On Monday and Tuesday, students at five elementary schools in DeKalb-based District 428 were dismissed early because of excessive heat.
The five school buildings had no air conditioning or partial air conditioning. So district officials decided students would be dismissed early.
Meanwhile, students in the district’s other buildings continued to go to class.
That doesn’t seem exactly fair to the students and parents at Malta, Lincoln, Littlejohn, Jefferson and Founders elementary schools.
The students missed out on instruction time that their peers at other schools received, although they also might have had some difficulty concentrating in classrooms that heated up as the day wore on. Their parents also had to make arrangements for their after-school care, which could be inconvenient for families where there are no parents or caregivers home in the early afternoon.
Many school districts are like DeKalb in that they have some buildings that are not air-conditioned.
But unlike most school districts, District 428 is sitting on a $21 million construction grant that it can use as it chooses. Providing air conditioning in the schools that lack it in order to bring them up to par with the other school buildings seems only fair.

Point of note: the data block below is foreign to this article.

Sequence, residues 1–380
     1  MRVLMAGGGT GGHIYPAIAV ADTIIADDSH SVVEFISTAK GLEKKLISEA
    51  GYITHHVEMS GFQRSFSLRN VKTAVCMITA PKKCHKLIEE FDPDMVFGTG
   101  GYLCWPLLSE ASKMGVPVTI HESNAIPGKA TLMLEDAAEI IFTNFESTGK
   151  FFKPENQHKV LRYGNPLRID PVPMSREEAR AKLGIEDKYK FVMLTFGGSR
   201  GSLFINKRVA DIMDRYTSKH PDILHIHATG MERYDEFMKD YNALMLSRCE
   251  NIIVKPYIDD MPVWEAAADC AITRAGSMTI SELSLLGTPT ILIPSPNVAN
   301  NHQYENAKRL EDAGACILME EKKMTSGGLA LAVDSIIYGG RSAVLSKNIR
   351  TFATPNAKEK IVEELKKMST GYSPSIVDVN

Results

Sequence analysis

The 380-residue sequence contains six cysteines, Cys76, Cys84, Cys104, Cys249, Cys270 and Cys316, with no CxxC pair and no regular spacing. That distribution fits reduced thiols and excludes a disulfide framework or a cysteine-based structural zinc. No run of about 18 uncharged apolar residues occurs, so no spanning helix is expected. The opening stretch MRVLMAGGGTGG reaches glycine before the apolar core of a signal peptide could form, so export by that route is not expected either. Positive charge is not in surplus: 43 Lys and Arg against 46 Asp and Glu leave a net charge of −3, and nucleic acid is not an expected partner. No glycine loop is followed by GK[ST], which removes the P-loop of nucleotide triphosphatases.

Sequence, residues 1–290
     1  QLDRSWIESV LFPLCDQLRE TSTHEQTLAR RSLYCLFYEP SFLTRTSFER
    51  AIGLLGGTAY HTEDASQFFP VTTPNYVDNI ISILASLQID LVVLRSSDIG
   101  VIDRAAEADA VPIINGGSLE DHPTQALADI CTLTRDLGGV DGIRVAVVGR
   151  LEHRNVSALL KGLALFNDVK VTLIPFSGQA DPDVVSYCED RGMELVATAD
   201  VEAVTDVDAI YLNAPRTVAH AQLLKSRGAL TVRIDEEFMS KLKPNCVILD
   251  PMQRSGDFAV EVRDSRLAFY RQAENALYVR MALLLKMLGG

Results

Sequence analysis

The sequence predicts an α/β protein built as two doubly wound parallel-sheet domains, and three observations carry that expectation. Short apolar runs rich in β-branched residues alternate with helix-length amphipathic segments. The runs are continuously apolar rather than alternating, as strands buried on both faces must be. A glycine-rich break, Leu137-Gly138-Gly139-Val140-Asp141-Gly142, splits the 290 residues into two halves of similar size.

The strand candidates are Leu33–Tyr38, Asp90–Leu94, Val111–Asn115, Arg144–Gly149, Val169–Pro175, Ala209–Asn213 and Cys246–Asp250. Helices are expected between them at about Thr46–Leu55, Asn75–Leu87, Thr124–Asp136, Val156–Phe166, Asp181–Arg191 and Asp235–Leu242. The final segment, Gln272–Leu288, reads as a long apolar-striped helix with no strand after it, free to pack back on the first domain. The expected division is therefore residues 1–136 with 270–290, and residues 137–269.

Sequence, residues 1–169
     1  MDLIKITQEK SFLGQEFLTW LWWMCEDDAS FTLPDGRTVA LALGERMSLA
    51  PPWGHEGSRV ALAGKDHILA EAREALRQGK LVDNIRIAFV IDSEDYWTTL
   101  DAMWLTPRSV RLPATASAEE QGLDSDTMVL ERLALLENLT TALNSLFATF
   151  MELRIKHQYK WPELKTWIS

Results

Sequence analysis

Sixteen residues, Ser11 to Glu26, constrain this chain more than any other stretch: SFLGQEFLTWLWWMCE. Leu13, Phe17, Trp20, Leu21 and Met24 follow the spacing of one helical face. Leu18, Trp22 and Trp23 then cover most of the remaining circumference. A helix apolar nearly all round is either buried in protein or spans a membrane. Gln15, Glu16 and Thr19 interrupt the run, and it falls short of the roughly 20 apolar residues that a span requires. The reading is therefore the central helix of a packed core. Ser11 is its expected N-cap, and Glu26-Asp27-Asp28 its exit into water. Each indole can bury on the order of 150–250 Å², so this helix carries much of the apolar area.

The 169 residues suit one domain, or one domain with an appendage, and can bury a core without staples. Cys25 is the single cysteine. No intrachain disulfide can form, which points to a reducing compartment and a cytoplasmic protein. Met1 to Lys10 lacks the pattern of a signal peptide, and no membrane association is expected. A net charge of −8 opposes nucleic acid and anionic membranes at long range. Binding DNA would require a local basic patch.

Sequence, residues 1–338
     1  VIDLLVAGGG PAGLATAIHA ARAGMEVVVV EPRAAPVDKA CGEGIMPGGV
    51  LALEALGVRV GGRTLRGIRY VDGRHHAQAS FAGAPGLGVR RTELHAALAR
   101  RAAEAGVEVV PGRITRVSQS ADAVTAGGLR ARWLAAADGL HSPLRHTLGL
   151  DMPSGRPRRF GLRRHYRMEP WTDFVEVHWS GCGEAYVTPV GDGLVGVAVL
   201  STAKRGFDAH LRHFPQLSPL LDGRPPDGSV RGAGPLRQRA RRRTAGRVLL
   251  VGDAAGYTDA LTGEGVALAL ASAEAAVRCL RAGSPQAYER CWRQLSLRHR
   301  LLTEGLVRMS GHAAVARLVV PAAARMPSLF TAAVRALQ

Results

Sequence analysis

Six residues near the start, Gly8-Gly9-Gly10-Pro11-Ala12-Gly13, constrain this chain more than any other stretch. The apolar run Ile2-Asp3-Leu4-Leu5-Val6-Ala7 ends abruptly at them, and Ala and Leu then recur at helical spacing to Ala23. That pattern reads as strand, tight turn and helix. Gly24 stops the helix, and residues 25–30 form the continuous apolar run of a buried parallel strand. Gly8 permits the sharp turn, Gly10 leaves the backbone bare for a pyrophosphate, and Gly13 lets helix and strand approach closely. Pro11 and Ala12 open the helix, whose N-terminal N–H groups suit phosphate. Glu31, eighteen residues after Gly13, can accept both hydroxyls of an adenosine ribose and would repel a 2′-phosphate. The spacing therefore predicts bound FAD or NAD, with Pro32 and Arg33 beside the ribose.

School officials have noted the discrepancy before, but so far have not taken action.
Many people can recall attending class in hot classrooms without air conditioning. But school also used to start after Labor Day and end earlier. As a recent story from The Associated Press pointed out, school breaks now last longer and increased emphasis on standardized testing has increased the need for teacher institute days.
Installing air conditioning – at least to the extent that students can attend class when it gets hot – at schools that lack it makes sense provided it can be done at a reasonable cost and the district plans to continue to use these buildings in the medium to long term.
The idea is worth at least exploring so the public can see what it would cost.
Ensuring that all District 428 students have a comparable level of comfort on hot days is an issue of fairness, and, if possible, should be addressed.